Day 12 - Call

A city skyline

Day 12 - listen here

 

Jonah, 1: 1-3

And the word of the Lord came to Jonah son of Amittai, saying, 

‘Up you get, and off you go to Nineveh, the great city, and preach in it. For the outcry of her wickedness has come up to me.’

But Jonah got up to flee to Tarshish from the presence of the Lord; and he went down to Joppa, and found a boat that was going to Tarshish; and he paid his fare, and went aboard, to sail to Tarshish with them from the presence of the Lord.

Reflection

When God calls a person in the bible, they are commonly reluctant. Moses pleads a speech impediment. Jeremiah excuses himself on the grounds of immaturity. The most stubborn, like Jonah, turn around and begin running as fast as possible in the opposite direction!

Jonah turns heel without a word. Was he understandably scared, as we might be if instructed to go and preach repentance to Beijing or New York? Or was he motivated by some kind of prejudice, irritated that God should send him to those of all people?

Whatever it was, Jonah’s vocation vacation in Tarshish is foiled by divine ingenuity. As we all recall, God’s gonna send a whale. There is a lot of Jewish humour in Jobthe book of Jonah. And I believe this can be seriously helpful in the difficult places to which discernment often leads both devout and less devout people.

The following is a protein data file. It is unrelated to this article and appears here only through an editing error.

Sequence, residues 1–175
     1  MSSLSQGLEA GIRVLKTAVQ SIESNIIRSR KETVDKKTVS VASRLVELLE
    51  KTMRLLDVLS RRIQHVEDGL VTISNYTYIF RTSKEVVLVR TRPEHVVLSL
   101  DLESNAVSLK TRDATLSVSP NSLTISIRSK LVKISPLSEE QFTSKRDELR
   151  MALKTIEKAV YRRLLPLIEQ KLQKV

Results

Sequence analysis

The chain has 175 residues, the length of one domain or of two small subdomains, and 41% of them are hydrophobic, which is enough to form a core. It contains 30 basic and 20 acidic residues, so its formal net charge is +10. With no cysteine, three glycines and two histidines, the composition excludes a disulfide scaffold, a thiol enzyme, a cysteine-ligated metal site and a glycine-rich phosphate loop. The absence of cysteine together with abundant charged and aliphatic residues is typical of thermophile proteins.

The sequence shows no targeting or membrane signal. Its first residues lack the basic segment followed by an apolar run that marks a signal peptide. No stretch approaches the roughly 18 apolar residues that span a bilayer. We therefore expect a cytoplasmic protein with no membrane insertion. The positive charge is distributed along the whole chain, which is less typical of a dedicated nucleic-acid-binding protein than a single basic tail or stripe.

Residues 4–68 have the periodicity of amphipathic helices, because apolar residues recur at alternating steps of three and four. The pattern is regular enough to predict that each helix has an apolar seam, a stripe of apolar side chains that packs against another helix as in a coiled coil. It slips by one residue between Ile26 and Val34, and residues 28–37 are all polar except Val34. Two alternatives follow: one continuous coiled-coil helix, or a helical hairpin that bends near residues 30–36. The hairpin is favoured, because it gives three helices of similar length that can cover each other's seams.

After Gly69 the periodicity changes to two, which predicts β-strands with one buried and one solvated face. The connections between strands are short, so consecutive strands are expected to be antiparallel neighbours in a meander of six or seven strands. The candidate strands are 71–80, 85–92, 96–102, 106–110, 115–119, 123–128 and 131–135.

Job’s Jonah’s comedy cuts both ways. To the rebellious person, who has decided to say “no” to God’s call, it replies: “so, you’ve said no to God – good luck with that!” But to the scrupulous person, who worries that they have missed their vocation, it offers words of comfort: “Don’t worry dear, it’s very hard indeed – impossible, really – to outsmart God’s relentless love.”

Painting of Jonah coming out of the whale's mouth (the Whale looks like a fish)

Prayer

God,

I need to be honest with you. I feel that what you are asking of me is unreasonable, impossible.

In the past, I refused. I tried to run away from you – once or many times. It didn’t work.

You always found a way to bring me back. You’re God, and, it turns out, I’m not.


So I’m here. I don’t feel willing even now. And I won’t pretend that I’m at all happy about the situation in which you’ve placed me.

But at least I’m here, and I hope that is good enough for now.
P.S. I still love you.

 

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